For nearly a decade, Yemen has been marred by war, instability, and a deepening humanitarian crisis. Amid these challenges, a group of 30 Yemeni musicians has embarked on a mission to transform the world's perception of their country using the rich tapestry of Yemeni music.
For 90 minutes, their melodies echoed through the Mogador Theatre in Paris during the Yemeni Tunes in Paris concert last week.
It could be just the beginning – the ensemble has played in Cairo and Malaysia and, according to 32-year-old Mohammed Al Ghoom, architect of the project, are determined to spread not only Yemeni musical heritage, but a message of peace through culture.
More than 1,500 people gathered to witness this captivating performance of 10 musical pieces by the virtuoso musicians.
“We are here to reshape the world's perception of our country,” Al Ghoom told The National.
“Yemen is not merely a theatre of war; it is a land of unparalleled cultural diversity and vibrancy that the world deserves to know about.
“We bear a mission and carry a clear message. Yemenis not only yearn for peace but can also be ambassadors of peace, with music as our instrument,” Al Ghoom said, describing their inaugural European concert.
Despite the formidable challenges that accompanied their European odyssey, the musicians remained unwavering in their determination to perform in the heart of Paris.
This concert is a part of the Heritage Symphonies project, a concept born in the turmoil of Yemen's conflict. The inaugural concert took place in Malaysia in 2019, followed by a triumphant performance at Cairo's Opera House in 2022.
Buoyed by these successes, the musicians set their sights on Europe, selecting Paris as their destination.
“Paris, as a major epicentre of culture and the arts, was the ideal choice for us,” said Al Ghoom.
Jean-Marie Safa, former French ambassador to Yemen, shared his excitement and joy at attending the concert.
“The performance was outstanding. Music may not speak, but it certainly weaves tales, and here in Paris, we heard captivating stories from Yemen – narratives of music and culture,” he told Al Hadath TV.
“I am thrilled that this cultural exchange has found its stage in Paris,” he added, echoing the sentiments of many captivated by the concert's message of hope and solidarity.
“We journeyed to Paris with a mission: to introduce the world to the rich tapestry of ancient Yemeni civilisation and to demonstrate Yemen's indomitable spirit and unwavering desire for peace,” said Muammar Al Eryani, Yemen’s Minister of Information, Culture, and Tourism, which has strongly supported the project.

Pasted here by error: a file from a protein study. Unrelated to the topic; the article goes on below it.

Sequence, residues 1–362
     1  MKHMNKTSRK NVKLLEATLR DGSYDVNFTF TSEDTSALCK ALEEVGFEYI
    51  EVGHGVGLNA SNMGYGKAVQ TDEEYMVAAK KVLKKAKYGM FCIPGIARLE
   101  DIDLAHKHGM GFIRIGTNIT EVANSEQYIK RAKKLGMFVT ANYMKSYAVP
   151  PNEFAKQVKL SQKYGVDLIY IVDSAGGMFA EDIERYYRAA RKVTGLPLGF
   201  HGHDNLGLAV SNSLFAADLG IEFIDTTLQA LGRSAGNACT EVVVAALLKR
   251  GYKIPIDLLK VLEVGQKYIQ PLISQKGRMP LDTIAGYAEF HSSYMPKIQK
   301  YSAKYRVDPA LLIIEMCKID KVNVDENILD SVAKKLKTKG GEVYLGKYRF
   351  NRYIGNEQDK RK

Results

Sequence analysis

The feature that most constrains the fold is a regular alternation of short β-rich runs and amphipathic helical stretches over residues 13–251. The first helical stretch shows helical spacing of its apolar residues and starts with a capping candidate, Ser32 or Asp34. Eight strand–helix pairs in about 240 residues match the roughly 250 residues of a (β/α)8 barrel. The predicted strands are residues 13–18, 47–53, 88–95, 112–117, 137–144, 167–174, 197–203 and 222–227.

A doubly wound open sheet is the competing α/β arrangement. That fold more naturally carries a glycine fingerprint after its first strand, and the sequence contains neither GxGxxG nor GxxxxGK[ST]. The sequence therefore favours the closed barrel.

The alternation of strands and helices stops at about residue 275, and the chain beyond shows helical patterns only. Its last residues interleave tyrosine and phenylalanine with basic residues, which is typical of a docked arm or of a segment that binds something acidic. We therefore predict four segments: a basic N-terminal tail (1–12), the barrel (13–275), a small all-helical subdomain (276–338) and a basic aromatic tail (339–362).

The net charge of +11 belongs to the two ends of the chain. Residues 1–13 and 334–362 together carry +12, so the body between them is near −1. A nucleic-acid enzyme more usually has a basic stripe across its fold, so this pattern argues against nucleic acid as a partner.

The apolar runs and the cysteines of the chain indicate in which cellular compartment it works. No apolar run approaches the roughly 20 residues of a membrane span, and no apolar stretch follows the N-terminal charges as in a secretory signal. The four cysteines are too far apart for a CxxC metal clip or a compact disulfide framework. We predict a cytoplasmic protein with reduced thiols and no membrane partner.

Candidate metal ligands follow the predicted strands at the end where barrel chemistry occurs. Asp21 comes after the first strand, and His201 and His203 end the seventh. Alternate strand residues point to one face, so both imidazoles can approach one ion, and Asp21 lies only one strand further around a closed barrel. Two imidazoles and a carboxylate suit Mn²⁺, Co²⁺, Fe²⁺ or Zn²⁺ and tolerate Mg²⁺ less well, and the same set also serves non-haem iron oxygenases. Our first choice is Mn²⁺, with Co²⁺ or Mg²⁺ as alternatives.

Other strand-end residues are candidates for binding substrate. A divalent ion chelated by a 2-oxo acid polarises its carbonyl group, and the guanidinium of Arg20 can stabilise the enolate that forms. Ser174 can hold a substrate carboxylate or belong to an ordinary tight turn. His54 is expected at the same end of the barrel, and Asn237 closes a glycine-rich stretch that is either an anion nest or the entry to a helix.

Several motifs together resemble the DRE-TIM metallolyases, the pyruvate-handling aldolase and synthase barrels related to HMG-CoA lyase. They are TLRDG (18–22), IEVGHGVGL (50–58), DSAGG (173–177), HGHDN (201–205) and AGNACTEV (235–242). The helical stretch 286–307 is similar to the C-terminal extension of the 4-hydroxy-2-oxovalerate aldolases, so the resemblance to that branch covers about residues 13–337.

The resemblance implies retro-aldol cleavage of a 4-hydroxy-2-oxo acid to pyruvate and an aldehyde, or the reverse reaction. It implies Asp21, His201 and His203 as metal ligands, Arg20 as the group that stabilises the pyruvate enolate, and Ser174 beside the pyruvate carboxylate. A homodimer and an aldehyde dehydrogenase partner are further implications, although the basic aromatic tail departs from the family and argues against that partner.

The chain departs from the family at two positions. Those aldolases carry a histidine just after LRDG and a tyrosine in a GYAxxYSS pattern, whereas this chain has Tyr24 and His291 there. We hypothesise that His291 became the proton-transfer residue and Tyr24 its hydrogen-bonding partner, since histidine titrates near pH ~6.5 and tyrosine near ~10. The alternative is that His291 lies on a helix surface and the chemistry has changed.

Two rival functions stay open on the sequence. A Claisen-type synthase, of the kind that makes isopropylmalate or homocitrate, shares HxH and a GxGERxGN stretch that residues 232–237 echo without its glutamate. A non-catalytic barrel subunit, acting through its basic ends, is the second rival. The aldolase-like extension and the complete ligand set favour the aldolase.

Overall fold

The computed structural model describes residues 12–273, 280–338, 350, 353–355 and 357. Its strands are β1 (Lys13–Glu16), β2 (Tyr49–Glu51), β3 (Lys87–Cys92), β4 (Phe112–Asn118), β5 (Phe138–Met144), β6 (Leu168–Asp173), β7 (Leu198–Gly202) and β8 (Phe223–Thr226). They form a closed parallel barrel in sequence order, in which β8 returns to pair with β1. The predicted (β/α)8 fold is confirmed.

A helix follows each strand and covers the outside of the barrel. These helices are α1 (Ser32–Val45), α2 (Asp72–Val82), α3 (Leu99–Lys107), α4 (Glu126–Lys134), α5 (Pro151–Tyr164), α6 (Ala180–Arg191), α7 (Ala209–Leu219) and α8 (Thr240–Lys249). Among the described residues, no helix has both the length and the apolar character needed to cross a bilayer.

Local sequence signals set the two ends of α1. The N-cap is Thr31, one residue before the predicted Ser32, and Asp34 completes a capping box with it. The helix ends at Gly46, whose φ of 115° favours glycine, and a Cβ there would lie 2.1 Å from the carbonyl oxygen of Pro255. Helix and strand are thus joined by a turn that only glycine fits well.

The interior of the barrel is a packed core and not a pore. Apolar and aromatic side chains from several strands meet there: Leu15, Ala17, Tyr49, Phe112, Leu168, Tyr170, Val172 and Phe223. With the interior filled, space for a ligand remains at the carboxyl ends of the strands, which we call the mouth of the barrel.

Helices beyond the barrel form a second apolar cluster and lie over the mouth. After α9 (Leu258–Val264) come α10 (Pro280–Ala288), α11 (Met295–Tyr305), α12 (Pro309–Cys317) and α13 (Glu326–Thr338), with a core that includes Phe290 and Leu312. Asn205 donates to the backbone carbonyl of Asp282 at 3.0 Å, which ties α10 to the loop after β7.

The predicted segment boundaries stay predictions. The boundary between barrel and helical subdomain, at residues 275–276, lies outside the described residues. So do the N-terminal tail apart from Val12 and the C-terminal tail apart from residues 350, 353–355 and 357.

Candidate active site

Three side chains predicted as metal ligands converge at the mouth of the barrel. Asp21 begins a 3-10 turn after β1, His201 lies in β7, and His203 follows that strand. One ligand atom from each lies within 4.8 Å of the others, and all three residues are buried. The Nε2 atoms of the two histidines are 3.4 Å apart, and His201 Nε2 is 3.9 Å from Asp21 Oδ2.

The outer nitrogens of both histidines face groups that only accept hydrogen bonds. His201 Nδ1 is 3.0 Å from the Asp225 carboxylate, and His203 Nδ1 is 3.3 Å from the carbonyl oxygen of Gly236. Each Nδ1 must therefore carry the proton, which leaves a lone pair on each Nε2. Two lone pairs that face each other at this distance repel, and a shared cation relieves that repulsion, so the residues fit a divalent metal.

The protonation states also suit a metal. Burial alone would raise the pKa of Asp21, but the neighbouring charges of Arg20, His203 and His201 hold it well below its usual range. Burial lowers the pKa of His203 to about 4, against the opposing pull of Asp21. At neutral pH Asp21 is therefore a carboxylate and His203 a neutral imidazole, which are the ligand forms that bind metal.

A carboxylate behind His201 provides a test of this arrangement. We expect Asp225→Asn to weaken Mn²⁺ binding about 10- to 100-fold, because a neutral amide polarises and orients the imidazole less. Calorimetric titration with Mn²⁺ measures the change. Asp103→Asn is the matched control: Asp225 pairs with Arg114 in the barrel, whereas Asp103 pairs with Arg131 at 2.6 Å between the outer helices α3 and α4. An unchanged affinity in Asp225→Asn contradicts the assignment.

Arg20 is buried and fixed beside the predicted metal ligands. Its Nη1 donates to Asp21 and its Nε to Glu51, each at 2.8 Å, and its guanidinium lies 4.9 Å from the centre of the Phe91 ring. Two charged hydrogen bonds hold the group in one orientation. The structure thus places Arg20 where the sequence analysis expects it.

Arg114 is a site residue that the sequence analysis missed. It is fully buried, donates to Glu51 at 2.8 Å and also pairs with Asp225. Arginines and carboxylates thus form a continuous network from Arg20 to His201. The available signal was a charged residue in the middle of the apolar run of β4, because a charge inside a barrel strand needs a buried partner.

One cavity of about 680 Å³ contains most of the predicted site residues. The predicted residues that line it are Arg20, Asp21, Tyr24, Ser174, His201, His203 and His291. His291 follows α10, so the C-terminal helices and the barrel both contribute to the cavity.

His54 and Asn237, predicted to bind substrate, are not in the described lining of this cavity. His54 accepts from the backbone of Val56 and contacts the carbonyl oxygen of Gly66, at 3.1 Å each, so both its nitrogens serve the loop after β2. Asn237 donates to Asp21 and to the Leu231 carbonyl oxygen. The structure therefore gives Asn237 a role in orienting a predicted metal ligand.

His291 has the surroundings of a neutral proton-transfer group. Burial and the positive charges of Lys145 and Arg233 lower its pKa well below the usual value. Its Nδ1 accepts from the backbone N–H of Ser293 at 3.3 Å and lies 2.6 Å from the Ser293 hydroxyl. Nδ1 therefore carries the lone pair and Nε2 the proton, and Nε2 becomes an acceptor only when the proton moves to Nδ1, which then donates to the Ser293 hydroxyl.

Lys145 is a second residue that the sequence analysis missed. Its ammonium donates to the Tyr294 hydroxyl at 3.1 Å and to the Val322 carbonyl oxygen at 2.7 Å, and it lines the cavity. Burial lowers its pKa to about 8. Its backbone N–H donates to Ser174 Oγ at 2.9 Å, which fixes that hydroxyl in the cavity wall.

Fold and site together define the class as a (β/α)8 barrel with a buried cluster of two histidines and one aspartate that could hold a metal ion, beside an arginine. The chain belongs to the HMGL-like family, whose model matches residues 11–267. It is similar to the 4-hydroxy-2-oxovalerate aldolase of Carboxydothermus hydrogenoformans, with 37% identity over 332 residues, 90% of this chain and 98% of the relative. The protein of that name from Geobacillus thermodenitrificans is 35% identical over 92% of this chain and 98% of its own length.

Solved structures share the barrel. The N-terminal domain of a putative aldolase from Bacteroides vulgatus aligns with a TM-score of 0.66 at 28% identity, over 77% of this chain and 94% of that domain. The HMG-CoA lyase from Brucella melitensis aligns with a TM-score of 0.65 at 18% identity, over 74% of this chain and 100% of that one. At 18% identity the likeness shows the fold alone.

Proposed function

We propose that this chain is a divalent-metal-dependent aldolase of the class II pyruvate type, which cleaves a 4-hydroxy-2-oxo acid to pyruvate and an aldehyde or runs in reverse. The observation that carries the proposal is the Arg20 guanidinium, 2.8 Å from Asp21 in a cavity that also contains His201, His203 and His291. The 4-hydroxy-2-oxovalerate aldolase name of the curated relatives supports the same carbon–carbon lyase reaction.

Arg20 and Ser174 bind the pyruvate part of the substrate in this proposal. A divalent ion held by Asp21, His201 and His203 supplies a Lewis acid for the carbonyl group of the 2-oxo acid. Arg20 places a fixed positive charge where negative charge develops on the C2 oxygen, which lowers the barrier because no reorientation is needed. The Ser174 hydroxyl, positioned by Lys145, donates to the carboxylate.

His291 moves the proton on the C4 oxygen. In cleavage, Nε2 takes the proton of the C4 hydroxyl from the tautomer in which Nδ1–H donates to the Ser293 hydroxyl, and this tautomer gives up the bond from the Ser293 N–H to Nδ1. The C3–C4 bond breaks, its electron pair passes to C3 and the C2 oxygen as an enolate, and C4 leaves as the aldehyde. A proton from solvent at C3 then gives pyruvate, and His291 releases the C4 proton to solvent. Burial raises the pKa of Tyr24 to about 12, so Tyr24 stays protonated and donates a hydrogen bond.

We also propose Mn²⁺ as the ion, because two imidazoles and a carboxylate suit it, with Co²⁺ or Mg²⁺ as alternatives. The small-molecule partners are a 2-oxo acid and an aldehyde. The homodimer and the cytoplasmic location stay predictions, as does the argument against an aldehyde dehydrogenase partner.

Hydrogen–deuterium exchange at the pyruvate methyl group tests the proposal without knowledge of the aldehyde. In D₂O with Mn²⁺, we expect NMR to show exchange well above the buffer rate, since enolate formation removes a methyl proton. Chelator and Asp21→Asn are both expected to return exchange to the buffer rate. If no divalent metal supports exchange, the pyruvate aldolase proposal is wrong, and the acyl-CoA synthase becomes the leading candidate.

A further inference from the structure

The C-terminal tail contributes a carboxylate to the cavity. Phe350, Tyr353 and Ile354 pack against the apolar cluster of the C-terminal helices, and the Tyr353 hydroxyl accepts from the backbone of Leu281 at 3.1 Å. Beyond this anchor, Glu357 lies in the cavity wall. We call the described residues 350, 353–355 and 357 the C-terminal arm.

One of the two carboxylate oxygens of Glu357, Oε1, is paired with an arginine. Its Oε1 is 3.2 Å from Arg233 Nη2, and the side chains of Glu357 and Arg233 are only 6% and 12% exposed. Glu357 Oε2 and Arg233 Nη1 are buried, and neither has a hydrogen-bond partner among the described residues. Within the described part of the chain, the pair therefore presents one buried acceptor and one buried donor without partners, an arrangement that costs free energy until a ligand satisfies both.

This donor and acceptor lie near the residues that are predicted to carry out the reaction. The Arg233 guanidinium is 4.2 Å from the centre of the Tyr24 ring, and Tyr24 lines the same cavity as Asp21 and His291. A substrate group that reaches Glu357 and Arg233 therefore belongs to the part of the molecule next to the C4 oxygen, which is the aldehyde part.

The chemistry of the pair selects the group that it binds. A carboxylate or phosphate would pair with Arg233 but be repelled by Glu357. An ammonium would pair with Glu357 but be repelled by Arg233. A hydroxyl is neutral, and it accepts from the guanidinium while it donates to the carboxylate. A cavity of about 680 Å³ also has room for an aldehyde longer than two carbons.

The concert received valuable support from the Hadhramout Culture Foundation, a non-profit organisation established in December 2021, dedicated to setting Yemeni culture to the global stage.
“Our work is entirely voluntary, driven not by profit but by our fervent commitment to sharing our artistic and cultural heritage on international platforms, despite our limited resources, but with boundless determination, Al Ghoom said.
“This is our moment. We have emerged at a pivotal juncture in reference to the conflict, determined to demonstrate that Yemeni youth can be catalysts for change and purveyors of hope even in the face of profound adversity.”
Yemen has endured nearly eight years of war, a complex struggle that set Iran-backed Houthi rebels against the internationally recognised government, supported by a Saudi-led coalition.
Despite multiple attempts, both parties have failed to renew the six-month UN-brokered ceasefire that ended in October, although violence levels are far lower than in previous years.
There remain fears, however, that the ceasefire will not hold, despite encouraging moves such as prisoner swaps between the two sides.
The Yemeni civil war ranks among the world's worst humanitarian crises, with 69 per cent of the population, equivalent to 21.6 million people, requiring humanitarian assistance in 2023, according to UN reports.
“We have surmounted countless obstacles, a testament to the patience and unwavering belief of our resilient youth,” Al Ghoom said.
Hope amid uncertainty
The ensemble found themselves pleasantly surprised by the turnout at the Paris concert.
“This experience injected another dose of hope into our spirits,” Al Ghoom said with gratitude.
The theatre was filled to capacity, with 1,600 attendees, and thousands more eagerly awaiting the performance.
“This stands as a testament to the impact of our work. They were genuinely captivated by the performance, and I could feel it myself while on stage, sensing their reactions. It is undeniably a resounding success,” Al Ghoom said.
The concert was not solely a showcase of Yemeni music; it also featured the collaborative efforts of French musicians, resulting in a blend of Yemeni and French melodies.
“This venture embodies a cultural exchange that we are committed to pursuing worldwide, spreading hope and fostering resilience,” Al Ghoom said.
“Through music, we firmly believe that hope and peace will ultimately triumph, and the deafening echoes of guns will be silenced.”